Other Benefits – According to a vast array of research, jalapeno peppers have been shown to treat and prevent: cancer, headaches, nasal congestion, ulcers, high blood pressure, fluid loss and heart attacks caused by the compound fibrin.
Vitamin C – 133 milligrams per 100 g
Daily Value – 221%
Health Benefits of Parsley
Parsley is a common culinary ingredient; however, did you know it’s one of the most powerful vegetables when it comes to natural healing? All parts of this herb may be used to make medicine. Its potent nutrient content, offers a wide array of health benefits. While some of its uses require further research to determine its true potential, the following benefits are proven by preliminary research. The active compounds within parsley are believed to help treat urinary tract infections, kidney stones, intestinal gas, asthma, diabetes, prostate swelling and high blood pressure. Although consuming parsley is the most common way to utilize its medicinal benefits, you may apply parsley directly to the skin to treat insect bites, heal bruises and even stimulate hair growth.
6. Brussels Sprouts
Vitamin C – 85 milligrams per 100 g
Daily Value – 141%
Health Benefits of Brussels Sprouts
If you’re searching for a food source that’s filled with essential vitamins, minerals and other nutrients without a significant amount of calories, then you’ll want to add brussels sprouts to your weekly meal plan. While its vitamin C content is significant, this vegetable is filled with a host of lesser-known antioxidants, such as isorhamnetin, caffeic, ferulic acids, kaempferol and D3T. These antioxidants are known to combat a variety of acute and chronic diseases caused by oxidative stress, such as cancer. Other benefits of brussels sprouts include whole body Phase 1 and Phase 2 whole body detoxification and cardiovascular health.
The Key to a Strong Immune System and Body
Because vitamin C is a water-soluble vitamin, you must consume a minimum of 60 milligrams per day in order to sustain proper levels within your body. While you may believe the best sources of vitamin C are derived from fruit sources, this antioxidant is abundantly found in a variety of vegetable sources. The aforementioned vegetables feature some of the highest concentrations of vitamin C; however, it’s also found in a smaller concentrations in almost every vegetable. But what exactly is vitamin C used for?
Your body requires vitamin C for a wide array of purposes, such as to repair and grow new tissue. This essential vitamin is also called upon to make collagen, tendons, ligaments, blood vessels and proteins involved in the development of new skin cell. If you are deficient in vitamin C, your body is unable to swiftly and accurately heal from wounds and your bones and teeth can weaken.
Although it’s rare to be deficient in vitamin C because of its prevalence in the majority of food sources, there is preliminary evidence certain groups of people may feature lower-than-normal vitamin C levels. For example, research has found cigarettes significantly lower the amount of circulating vitamin C. Therefore, health experts suggest many smokers are at a higher-than-normal risk for developing a vitamin C deficiency.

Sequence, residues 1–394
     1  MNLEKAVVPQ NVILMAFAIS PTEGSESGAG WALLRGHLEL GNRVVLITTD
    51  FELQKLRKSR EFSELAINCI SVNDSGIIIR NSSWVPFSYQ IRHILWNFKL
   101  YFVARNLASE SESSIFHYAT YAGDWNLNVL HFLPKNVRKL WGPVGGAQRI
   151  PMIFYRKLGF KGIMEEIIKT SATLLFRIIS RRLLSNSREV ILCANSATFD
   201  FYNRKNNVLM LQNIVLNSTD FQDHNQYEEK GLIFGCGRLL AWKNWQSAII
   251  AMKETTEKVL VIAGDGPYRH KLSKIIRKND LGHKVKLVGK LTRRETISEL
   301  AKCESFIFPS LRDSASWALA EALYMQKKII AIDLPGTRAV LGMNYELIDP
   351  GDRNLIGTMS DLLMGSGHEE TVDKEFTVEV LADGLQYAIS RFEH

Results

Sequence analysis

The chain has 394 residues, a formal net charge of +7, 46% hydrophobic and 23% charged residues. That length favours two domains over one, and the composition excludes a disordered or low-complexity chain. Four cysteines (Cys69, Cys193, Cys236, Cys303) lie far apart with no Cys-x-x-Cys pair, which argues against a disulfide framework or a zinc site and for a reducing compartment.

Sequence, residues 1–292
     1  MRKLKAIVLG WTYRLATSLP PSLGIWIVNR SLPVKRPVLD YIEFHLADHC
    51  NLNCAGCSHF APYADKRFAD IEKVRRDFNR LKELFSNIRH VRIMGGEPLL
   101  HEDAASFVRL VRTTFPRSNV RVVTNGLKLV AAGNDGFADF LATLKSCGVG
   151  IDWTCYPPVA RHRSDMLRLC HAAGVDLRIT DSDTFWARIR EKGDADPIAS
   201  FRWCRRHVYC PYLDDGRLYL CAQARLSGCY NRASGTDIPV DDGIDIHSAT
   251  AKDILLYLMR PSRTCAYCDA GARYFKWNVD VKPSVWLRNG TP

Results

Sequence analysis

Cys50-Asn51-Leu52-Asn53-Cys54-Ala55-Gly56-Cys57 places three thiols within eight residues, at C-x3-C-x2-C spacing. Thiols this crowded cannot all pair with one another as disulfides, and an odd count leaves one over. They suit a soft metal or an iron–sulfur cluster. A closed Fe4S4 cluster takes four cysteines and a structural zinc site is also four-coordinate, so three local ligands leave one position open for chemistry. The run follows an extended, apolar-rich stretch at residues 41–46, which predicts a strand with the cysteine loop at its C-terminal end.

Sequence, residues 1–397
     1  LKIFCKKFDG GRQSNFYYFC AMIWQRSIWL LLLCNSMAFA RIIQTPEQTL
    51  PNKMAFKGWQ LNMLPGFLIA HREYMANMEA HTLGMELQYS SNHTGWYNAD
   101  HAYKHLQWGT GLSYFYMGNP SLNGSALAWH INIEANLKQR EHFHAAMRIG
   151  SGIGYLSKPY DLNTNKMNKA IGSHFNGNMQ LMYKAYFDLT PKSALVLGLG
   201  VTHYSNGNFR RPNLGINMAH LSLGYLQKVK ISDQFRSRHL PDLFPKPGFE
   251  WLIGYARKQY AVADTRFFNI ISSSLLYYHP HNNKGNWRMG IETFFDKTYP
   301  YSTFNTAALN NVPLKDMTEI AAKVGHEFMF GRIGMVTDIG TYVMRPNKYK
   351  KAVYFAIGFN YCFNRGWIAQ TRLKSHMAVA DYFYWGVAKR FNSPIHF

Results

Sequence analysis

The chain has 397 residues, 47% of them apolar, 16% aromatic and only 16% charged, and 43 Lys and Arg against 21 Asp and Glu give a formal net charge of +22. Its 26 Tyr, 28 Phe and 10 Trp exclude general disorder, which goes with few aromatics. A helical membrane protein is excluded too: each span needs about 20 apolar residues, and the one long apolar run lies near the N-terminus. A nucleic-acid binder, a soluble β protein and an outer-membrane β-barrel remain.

While the signs of vitamin C deficiency can vary, some of the most common symptoms include: gum inflammation (gingivitis), rough/dry skin, bleeding gums, easy bruising and a decreased ability to fight off infections. A severe deficiency of vitamin C is known as scurvy. Along with the aforementioned symptoms, those with low vitamin C levels are at a statistically higher risk of developing peripheral artery disease, heart attack and stroke, according to data gathered by the University of Maryland Medical Center.
It is possible to achieve the necessary concentrations of vitamin C through supplementation, many health experts suggest consuming vitamin C through dietary sources, such as in fruits and vegetables. Along with supporting healthy bodily functions, research has found vitamin C to be beneficial for:
Lowering High Blood Pressure – Vitamin C directly influences the health of your entire cardiovascular system. Consuming foods rich in vitamin C has been shown to reverse the effects of high blood pressure and prevent hypertension from progressing. In fact, increasing your consumption of vitamin C-rich foods is part of the Dietary Approaches to Stop Hypertension Diet – commonly known as the DASH Diet.
Cancer Prevention – The potent antioxidant power of vitamin C is believed to directly inhibit the development of free radicals, which result in a variety of cancer. More specifically, preliminary research found populations which consume higher-than-normal vitamin C food sources have a lower rate of skin cancer, cervical dysplasia and breast cancer.
Osteoarthritis – In order to make healthy collagen, your body requires vitamin C. AS osteoporosis begins to develop, cartilage is destroyed, which increases the pressure (and pain) placed within your joints. Preliminary research suggests the progression of cartilage loss is due to a high concentration of free radicals. Since vitamin C directly combats the effects of free radicals, researchers believe consuming ample amounts of vitamin C can directly reduce the cartilage damage while supporting the regeneration of collagen and cartilage.
Other Benefits of Vitamin C – Along with the aforementioned, preliminary research suggests vitamin C either directly or indirectly boosts your immune system, supports oral health, improves vision, reduces allergy-related symptoms, alleviates dry mouth, supports fast wound healing, decreases blood sugar in diabetic patients and reduces the severity of various viral conditions, such as mononucleosis.